Bologna  is the largest city (and the capital) of Emilia-Romagna Region in Italy and only a 35 minute train ride from Florence. It is the seventh most populous city in Italy, located in the heart of a metropolitan area (officially recognized by the Italian government as a città metropolitana) of about one million. The city, the first settlements of which date back to at least 1000 BC, has always been an important urban centre,  first under the Etruscans (Velzna/Felsina) and the Celts (Bona), then under the Romans (Bononia), then again in the Middle Ages, as a free municipality (for one century it was the fifth largest European city based on population). It is home to the oldest university in the world, University of Bologna, founded in 1088.  Famous for its towers and lengthy porticoes, Bologna has a well-preserved historical centre (one of the largest in Italy).  It is a wonderful walking city, thanks to those nice porticoes, and we walked through most of the centre.  First stop was the  Basilica of San Petronio which is the main church of Bologna. It dominates the Piazza Maggiore. It is the fifteenth largest church in the world, stretching for 132 meters in length and 66 meters in width, while the vault reaches 45 meters inside and 51 meters in the facade.  The church hosts also a sundial in the form of a meridian line inlaid in the paving of the left aisle in 1655; it was calculated and designed by the famous astronomer Giovanni Domenico Cassini, who was teaching astronomy at the University: at 66.8 meters it is the longest sundial in the world, following measurements that were for the time uniquely precise; Cassini and Domenico Guglielmini published an illustrated account of how the meridian was accomplished in 1695.                      The Anatomical theatre of the Archiginnasio was our next stop and is one of the main historical rooms of the medical school in Bologna, located in the Archginnasio, the first unified seat of the University of Bologna. The palace was built quickly, between 1562 and 1563, by order of Saint Charles Borromeo, then pontifical legate in Bologna.  A first anatomical theatre was constructed in 1595, in a different location, but in 1636 it was replaced by a bigger one in the current location.  The theatre – completely made of spruce wood – underwent several modification and reached its final shape between 1733 and 1736. In this period, Silvestro Giannotti carved the wooden statues which decorate the theatre walls. They represent some famous physicians of Ancient times (Hippocrates, Galenus, etc.) and of the local athenaeum (Mondino de Liuzzi, Gasparo Tagliacozzi). The two famous statues of the “Spellati” (skinned) carrying the canopy surmounting the teacher’s chair are the work of the well-known artist of anatomical wax displays, Ercole Lelli. In the centre of the theatre stands the white table on which the dissection of human or animal bodies took place.  The theatre was almost completely destroyed during the Second World War, by an air raid on January 29, 1944. After the war the Theatre was rebuilt using all of the original pieces recovered among the rubble of the building.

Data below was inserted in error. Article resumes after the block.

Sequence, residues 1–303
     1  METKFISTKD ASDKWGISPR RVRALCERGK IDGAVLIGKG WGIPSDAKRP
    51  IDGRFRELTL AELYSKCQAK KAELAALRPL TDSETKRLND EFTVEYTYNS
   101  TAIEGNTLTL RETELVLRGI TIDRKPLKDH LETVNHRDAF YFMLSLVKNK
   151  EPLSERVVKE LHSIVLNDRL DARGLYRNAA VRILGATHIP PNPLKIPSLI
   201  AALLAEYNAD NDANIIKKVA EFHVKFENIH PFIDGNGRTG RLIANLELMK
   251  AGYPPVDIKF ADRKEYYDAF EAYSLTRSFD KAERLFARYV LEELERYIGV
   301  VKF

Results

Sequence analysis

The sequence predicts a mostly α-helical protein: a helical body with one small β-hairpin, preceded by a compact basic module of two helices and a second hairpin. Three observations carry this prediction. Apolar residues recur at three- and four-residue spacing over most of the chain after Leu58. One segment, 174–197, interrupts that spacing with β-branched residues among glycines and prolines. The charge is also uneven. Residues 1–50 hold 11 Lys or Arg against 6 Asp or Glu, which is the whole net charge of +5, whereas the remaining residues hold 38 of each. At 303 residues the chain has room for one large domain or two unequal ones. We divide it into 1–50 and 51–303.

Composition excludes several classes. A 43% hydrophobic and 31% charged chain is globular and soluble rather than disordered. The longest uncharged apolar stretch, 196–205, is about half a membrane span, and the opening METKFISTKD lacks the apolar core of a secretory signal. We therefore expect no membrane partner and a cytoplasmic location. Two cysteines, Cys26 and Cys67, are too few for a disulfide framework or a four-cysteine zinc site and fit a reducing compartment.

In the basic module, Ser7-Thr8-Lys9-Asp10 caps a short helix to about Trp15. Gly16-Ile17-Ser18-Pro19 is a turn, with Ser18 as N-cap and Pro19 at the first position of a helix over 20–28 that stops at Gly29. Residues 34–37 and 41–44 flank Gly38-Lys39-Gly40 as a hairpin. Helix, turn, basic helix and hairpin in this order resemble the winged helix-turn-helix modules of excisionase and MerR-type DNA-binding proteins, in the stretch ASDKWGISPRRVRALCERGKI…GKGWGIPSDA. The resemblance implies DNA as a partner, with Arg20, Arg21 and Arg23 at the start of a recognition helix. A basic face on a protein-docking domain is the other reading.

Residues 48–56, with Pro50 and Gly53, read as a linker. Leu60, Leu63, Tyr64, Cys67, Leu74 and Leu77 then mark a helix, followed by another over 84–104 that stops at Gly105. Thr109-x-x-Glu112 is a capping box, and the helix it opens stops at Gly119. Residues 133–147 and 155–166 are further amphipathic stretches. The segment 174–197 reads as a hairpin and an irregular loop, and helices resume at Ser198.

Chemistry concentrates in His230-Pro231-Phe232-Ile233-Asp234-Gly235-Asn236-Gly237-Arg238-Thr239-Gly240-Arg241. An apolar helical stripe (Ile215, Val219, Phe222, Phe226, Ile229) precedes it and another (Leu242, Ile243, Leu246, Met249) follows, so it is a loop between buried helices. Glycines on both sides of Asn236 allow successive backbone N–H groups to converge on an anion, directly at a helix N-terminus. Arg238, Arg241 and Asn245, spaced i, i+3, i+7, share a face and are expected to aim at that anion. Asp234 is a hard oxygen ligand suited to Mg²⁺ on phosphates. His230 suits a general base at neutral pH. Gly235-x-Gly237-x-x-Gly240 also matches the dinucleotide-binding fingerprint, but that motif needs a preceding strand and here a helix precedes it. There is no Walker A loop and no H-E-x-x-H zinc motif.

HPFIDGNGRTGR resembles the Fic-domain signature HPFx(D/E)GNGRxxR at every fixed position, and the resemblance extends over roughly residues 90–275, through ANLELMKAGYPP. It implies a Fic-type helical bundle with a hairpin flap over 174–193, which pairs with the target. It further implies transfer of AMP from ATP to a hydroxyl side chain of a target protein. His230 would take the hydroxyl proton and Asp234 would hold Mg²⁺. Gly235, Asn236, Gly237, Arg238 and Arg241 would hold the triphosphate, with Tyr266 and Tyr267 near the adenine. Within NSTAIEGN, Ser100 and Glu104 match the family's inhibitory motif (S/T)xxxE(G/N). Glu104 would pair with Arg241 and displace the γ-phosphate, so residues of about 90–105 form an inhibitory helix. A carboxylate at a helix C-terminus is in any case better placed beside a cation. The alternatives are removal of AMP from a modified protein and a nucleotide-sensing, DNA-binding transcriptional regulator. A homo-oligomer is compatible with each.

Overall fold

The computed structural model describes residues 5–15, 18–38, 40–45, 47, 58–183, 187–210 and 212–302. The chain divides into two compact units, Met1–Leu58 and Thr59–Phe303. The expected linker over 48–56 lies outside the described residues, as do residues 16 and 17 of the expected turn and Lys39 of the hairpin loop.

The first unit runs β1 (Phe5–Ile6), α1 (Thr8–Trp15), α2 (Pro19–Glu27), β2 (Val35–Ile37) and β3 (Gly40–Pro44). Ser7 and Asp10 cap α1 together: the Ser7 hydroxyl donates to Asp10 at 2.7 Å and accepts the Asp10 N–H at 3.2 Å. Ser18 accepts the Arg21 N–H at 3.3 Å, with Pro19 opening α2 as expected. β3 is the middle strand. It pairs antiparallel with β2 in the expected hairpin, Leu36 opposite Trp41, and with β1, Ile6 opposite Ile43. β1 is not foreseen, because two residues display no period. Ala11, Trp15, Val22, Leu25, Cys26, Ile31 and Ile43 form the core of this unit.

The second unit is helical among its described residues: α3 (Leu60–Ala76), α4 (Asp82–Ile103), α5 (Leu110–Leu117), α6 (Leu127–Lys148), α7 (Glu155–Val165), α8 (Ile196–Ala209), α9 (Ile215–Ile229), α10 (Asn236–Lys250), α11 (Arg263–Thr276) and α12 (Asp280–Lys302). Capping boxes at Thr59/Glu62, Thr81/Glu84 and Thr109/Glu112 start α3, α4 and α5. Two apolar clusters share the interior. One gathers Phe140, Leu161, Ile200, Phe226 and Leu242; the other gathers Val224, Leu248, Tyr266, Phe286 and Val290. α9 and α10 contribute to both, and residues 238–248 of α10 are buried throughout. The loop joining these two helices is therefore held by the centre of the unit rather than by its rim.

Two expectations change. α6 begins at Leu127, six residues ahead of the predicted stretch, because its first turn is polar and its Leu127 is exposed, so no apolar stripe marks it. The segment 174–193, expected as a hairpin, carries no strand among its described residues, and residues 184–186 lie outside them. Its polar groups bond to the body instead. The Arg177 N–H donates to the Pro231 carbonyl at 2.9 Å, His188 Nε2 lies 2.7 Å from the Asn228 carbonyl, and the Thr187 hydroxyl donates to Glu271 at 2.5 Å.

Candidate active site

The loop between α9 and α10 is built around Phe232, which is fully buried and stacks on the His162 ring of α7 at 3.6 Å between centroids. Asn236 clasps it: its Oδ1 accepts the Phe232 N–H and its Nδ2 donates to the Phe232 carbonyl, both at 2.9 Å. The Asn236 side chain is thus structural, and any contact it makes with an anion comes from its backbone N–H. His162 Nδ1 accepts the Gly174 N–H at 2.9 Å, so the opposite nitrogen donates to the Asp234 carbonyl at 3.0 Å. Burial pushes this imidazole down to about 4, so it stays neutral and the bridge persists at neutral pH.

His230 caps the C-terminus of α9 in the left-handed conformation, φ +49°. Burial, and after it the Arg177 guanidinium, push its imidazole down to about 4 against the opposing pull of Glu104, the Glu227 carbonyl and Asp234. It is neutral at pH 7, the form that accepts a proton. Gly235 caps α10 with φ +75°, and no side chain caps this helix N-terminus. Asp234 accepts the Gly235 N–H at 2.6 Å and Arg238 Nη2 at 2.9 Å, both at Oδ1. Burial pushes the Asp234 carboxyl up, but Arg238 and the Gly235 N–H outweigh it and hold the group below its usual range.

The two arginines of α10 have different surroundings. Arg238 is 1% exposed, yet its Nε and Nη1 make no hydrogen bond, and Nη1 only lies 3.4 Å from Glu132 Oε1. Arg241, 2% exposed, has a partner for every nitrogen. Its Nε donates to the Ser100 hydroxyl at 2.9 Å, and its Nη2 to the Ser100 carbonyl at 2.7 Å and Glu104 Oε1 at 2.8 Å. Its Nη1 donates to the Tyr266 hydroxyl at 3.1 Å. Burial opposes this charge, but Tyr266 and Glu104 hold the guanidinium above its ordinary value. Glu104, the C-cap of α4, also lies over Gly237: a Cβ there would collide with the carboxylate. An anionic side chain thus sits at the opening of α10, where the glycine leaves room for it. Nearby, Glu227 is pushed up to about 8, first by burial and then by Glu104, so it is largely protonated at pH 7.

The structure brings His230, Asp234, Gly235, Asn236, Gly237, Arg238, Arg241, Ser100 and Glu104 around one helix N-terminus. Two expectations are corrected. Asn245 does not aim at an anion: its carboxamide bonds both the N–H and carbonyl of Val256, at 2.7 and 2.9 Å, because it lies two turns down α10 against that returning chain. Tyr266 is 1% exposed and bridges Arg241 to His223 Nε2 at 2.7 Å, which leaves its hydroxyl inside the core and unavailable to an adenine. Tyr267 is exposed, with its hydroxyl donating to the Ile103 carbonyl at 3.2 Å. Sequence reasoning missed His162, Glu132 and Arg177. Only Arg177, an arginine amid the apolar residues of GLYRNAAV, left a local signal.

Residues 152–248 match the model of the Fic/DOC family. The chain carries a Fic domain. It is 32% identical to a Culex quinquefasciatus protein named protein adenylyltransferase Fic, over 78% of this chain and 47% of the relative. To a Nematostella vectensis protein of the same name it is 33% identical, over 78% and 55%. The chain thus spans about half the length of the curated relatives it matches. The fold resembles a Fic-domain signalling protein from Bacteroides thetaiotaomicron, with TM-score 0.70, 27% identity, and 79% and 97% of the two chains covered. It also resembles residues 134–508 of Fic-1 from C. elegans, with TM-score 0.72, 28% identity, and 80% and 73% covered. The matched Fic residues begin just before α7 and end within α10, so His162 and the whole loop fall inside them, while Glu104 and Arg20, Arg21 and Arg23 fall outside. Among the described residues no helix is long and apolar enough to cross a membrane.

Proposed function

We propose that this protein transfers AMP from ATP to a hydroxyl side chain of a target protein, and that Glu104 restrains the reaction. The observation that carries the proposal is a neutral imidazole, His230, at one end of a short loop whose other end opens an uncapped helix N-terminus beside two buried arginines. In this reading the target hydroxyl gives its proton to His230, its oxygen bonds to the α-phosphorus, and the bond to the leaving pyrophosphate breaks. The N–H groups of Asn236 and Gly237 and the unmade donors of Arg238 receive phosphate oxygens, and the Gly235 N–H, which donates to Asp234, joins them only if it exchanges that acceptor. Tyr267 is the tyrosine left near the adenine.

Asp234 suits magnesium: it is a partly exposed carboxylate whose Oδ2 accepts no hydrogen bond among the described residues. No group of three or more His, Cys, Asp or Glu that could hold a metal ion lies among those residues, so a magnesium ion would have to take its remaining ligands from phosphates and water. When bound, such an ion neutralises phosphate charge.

If there is a tower you know we are going to climb it.  This one is the city’s tallest tower with 496 steps and quite a view once you are up there.  After the climb we felt that we deserved lunch so we walked to the near-by deli called Tamburini on the recommendation from our friend Kevin.  It looked to be a local hot-spot!  But no rest for the tourist for we are quickly back on our feet again to the next place of interest: The Basilica of San Domenico. It is one of the major churches in Bologna, Italy and built in the early 1200’s. The remains of Saint Dominic, founder of the Order of Preachers (Dominicans), are buried inside the exquisite shrine Arca di San Domenico.  Then on to Santo Stefano’s Basilica which  is a complex of religious edifices in a very nice piazza setting. We had just one more thing to see on Kevin’s recommendation, the Museo di Palazzo Poggi, which houses some anatomical wax models but we were 30 minutes too late and it was closed.  But it was an interesting walk and allowed us to see much of the University area.  By this time it was getting dark so we headed for the train station and our ride home.  We loved this city and might just make a return trip before the month is out.

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